A gay Arkansas student claims that his profile was pulled from the yearbook because he is gay. The high school junior calls his school “history,” because after he does his last year at the school, he will never look back at it again, according to CNN News on March 20.
The Sheridan High School officials pulled the profile of 17-year-old Taylor Ellis from the Yellowjacket yearbook. They will leave a profile out rather than publish it because it gives an account of when he came out.
Hannah Bruner, who is the assistant editor for the yearbook, said that it is a “big thing in Sheridan to be gay.” Bruner had profiled Ellis for the yearbook because “That something that doesn’t get told a lot.”
Apparently the school officials pulled seven student profiles that had an account of Ellis coming out contained within them. The Superintendent of schools, Brenda Haynes, said the school did its homework and reviewed state law, court cases and even school polices. They feel they are within their rights as the adults overseeing these kids.
When Ellis’s mother was contacted by the school principal she was told it was basically for his own good safety wise. Ellis’s mom said:
"I didn't understand, because there had been no problems, so I ask him, 'have you had threats?' "He said, 'no, ma'am, just his well-being."
Governor Mike Beebe and Tom Kimbrell, the state’s education commissioner, were asked to intervene, but they declined via representatives saying it was a local issue. This won’t end here, already petitions are circulating to get this changed.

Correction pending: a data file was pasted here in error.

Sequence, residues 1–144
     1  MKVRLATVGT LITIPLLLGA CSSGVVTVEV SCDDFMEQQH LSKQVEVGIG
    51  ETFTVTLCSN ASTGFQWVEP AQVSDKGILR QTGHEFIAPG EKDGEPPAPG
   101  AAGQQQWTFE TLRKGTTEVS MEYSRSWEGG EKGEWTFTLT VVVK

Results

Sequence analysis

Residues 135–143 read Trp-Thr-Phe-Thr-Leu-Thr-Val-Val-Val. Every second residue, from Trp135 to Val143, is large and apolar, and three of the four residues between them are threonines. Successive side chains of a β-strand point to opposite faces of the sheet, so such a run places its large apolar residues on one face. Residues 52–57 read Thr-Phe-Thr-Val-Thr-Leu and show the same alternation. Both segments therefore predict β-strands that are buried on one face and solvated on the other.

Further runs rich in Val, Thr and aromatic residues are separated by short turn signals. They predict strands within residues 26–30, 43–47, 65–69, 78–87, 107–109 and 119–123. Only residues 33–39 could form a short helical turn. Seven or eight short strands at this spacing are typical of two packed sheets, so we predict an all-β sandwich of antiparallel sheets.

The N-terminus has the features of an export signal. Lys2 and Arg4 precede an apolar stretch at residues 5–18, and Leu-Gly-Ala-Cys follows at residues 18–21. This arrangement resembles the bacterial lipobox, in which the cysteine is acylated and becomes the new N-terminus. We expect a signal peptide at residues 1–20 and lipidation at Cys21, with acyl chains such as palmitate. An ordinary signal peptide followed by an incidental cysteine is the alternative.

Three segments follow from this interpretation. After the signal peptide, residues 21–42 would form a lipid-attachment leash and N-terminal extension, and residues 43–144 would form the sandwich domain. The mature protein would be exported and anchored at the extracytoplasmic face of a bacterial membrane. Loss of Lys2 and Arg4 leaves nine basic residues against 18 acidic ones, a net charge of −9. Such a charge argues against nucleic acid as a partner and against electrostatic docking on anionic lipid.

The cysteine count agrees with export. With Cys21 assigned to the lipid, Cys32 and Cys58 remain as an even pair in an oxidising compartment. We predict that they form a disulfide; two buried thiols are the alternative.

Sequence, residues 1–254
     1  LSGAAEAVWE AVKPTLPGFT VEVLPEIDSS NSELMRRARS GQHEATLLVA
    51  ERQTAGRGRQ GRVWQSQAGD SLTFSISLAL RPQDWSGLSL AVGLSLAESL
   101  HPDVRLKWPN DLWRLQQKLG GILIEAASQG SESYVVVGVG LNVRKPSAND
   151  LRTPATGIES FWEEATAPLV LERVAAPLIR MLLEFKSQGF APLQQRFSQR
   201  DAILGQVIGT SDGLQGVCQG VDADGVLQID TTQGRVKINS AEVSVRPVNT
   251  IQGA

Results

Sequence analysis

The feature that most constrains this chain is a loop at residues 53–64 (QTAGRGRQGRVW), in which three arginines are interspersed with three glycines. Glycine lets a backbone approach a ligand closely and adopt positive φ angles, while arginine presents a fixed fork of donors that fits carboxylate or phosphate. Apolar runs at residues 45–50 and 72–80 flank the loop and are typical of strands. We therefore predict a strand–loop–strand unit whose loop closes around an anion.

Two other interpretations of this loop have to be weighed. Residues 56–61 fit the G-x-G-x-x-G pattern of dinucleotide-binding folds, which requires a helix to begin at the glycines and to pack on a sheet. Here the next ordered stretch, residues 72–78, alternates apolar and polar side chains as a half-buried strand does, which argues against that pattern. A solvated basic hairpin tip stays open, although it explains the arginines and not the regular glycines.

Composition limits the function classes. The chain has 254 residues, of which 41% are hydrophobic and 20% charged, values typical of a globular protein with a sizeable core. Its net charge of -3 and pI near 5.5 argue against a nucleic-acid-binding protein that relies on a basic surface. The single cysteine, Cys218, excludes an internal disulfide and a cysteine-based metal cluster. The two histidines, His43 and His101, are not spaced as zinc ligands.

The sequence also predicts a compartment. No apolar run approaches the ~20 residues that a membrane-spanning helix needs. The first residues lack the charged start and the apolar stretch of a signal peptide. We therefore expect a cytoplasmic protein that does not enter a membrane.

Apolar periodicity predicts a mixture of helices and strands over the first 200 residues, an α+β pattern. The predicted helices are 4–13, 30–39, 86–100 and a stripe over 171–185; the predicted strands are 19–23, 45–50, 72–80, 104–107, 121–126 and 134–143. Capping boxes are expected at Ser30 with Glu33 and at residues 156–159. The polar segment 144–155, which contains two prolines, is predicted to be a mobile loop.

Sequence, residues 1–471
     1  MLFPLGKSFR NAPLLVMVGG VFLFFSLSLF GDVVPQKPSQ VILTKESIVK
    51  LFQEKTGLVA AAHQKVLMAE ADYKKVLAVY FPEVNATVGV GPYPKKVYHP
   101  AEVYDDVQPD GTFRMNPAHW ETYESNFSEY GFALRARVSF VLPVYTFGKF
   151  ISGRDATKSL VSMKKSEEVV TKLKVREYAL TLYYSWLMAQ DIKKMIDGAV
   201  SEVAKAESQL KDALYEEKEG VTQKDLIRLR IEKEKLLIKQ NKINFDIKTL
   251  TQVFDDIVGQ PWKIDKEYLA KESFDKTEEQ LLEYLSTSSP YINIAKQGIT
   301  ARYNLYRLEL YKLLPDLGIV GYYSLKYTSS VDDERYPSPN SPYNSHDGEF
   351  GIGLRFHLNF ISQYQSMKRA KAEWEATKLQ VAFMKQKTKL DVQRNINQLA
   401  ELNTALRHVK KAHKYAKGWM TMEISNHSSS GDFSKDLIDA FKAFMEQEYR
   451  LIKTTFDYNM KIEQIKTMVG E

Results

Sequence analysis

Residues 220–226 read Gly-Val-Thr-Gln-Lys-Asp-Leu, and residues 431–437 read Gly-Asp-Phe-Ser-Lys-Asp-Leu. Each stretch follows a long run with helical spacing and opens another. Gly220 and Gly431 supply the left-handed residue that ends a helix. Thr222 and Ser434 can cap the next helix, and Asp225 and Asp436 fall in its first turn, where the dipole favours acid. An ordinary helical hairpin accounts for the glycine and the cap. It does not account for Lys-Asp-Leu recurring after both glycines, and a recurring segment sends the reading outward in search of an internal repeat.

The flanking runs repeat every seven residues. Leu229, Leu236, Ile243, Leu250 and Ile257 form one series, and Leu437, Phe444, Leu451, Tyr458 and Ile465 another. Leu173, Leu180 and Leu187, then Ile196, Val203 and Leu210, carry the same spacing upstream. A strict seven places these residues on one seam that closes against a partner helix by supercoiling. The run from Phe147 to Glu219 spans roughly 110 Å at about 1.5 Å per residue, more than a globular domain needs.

It may be too late for this year’s yearbook, but if the Human Rights Campaign and other people fighting this have it their way, this won’t happen to another gay youth again.
"This discriminatory exclusion by Sheridan High School administrators has nothing to do with Arkansas values," said Chad Griffin, president of the Human Rights Campaign.
A big part of being in the yearbook is to present yourself as an individual, someone unique who helps make up the entire student body. Kids need to be able to state who they are and talk about what makes them unique. How boring a yearbook would be if they just did a cookie cutter-type attempt at posting the kids' pictures in a book with very little of their personalities shinning through. This isn't about who the school officials think this kid should be. It is about Ellis and who he is today.
"Stand with Taylor, include his story in the yearbook" is what some of the signs said at a recent protest about ousting the yearbook profile. Why are the people who are overseeing the school so adamant about a young gay man being himself? You would think that the educators would be the ones standing behind Ellis today instead of being the ones to put up the blockades? Why are they going backwards in time?